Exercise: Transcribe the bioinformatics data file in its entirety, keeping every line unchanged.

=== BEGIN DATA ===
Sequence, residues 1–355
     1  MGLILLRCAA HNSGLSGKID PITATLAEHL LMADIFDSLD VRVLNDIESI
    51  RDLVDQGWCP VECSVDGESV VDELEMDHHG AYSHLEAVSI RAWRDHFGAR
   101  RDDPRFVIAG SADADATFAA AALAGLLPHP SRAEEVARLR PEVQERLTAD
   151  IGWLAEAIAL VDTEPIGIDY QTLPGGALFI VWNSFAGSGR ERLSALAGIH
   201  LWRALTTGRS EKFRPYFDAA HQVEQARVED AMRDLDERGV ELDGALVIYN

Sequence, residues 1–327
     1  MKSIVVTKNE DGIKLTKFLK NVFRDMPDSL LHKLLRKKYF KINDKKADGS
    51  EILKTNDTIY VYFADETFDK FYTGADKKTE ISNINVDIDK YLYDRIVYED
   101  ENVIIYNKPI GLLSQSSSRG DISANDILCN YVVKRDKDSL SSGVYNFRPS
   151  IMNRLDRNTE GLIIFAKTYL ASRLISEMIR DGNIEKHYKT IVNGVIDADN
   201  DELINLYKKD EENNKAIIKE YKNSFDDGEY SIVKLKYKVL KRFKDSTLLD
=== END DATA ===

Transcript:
Sequence, residues 1–355
     1  MGLILLRCAA HNSGLSGKID PITATLAEHL LMADIFDSLD VRVLNDIESI
    51  RDLVDQGWCP VECSVDGESV VDELEMDHHG AYSHLEAVSI RAWRDHFGAR
   101  RDDPRFVIAG SADADATFAA AALAGLLPHP SRAEEVARLR PEVQERLTAD
   151  IGWLAEAIAL VDTEPIGIDY QTLPGGALFI VWNSFAGSGR ERLSALAGIH
   201  LWRALTTGRS EKFRPYFDAA HQVEQARVED AMRDLDERGV ELDGALVIYN

Sequence, residues 1–327
     1  MKSIVVTKNE DGIKLTKFLK NVFRDMPDSL LHKLLRKKYF KINDKKADGS
    51  EILKTNDTIY VYFADETFDK FYTGADKKTE ISNINVDIDK YLYDRIVYED
   101  ENVIIYNKPI GLLSQSSSRG DISANDILCN YVVKRDKDSL SSGVYNFRPS
   151  IMNRLDRNTE GLIIFAKTYL ASRLISEMIR DGNIEKHYKT IVNGVIDADN
   201  DELINLYKKD EENNKAIIKE YKNSFDDGEY SIVKLKYKVL KRFKDSTLLD